Sunday, March 13, 2005

I Can Do That!

There must be an election approaching. Pop psychologist Oliver James' column in today's Observer makes what might possibly be the most, on the face of it, fatuous declaration backed up by scientific evidence:

Eighty-eight studies reveal that fanatically right-wing people hate uncertainty, are averse to complexity and have excessive needs for order (see Psychological Bulletin, 2003, 129, pp339-75).

They dislike ambiguity, are dogmatic and unusually scared of death. They tend to have had very strict upbringings and to secretly hate their parents and authority but, rather than face this, identify incredibly strongly with them. Oddly enough, there is virtually no reliable scientific evidence about the psychology of Lefties but, alas, I suspect it is by no means as simple as that they are merely the healthy opposite of this pattern.

But why all this comical talk of 'Lefties', as if everyone who follows one particular school of political thought can be reduced to something akin to a Ben Elton routine? Fortunately I have met few people on the far-right during my time on this planet, but growing up in a post-industrial new town in the north of England during the 80s and 90s meant that one or two heated ideological discussions with skinheads were par for the course. By 'heated' I mean me being on the receiving end of violence that John Reid's Special Advisers can only dream of meting out. The one common thread that was evidential among these people (skinheads, not New Labour SPADS, I hope) was a constant sense of low self-esteem and the need to belong to 'something' they could bestow their faith in, not to mention the belief that a politically-correct elite of posh people from London was dictating to them what they could and couldn't say. Erm, wait on a moment...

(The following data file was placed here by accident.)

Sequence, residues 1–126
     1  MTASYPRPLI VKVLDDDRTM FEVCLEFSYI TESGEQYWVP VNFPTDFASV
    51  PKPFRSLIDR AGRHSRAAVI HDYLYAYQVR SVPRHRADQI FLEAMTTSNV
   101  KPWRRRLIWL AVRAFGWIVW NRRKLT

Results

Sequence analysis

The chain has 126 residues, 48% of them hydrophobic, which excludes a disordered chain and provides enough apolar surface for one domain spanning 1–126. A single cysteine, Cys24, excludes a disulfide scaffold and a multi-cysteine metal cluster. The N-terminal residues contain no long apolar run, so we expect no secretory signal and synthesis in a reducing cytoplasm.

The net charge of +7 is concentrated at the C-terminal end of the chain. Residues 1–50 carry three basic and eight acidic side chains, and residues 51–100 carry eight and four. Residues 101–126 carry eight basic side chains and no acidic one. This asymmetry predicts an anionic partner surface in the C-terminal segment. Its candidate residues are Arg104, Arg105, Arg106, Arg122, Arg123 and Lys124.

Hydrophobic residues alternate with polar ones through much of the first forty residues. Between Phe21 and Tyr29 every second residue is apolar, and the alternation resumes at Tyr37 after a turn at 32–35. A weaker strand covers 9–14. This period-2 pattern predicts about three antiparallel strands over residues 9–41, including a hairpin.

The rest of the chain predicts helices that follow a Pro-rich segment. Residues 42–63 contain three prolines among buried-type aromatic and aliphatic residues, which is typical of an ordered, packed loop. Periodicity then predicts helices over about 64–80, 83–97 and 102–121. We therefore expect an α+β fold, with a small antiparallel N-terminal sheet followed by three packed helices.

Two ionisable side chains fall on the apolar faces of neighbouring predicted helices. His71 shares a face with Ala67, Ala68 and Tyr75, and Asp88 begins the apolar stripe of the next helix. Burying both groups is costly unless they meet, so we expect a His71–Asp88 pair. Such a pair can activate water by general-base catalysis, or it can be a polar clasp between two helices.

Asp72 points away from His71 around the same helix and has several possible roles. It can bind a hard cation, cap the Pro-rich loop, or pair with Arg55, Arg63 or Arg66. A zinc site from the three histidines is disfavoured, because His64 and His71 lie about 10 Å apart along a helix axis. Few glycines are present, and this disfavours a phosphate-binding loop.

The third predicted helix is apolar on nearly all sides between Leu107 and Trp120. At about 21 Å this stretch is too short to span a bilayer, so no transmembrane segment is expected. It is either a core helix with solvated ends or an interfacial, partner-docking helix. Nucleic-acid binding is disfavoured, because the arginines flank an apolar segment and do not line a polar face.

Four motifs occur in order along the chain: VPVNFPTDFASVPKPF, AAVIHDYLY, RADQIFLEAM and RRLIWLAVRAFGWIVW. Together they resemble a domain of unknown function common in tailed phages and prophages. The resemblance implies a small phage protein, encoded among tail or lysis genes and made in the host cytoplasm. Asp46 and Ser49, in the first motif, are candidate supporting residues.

As for the 'Lefties', I had two stints at university to become only too well acquainted with people riddled with either guilt or, more commonly, the belief that the reordering of society would somehow be for their own pecuniary interest. A contemporary, who suddenly discovered his homosexual and class-conscious side while we were at university together, was last heard of teaching English in Africa and boasting of how many servants and girlfriends he had -- a far cry from the days of being a camp Trot bemoaning the fact that his uncle (who owned a well-known national sports retailer, apparently) never saw fit to bung any money his way.

Pop psychology, it's easy as writing a blog.


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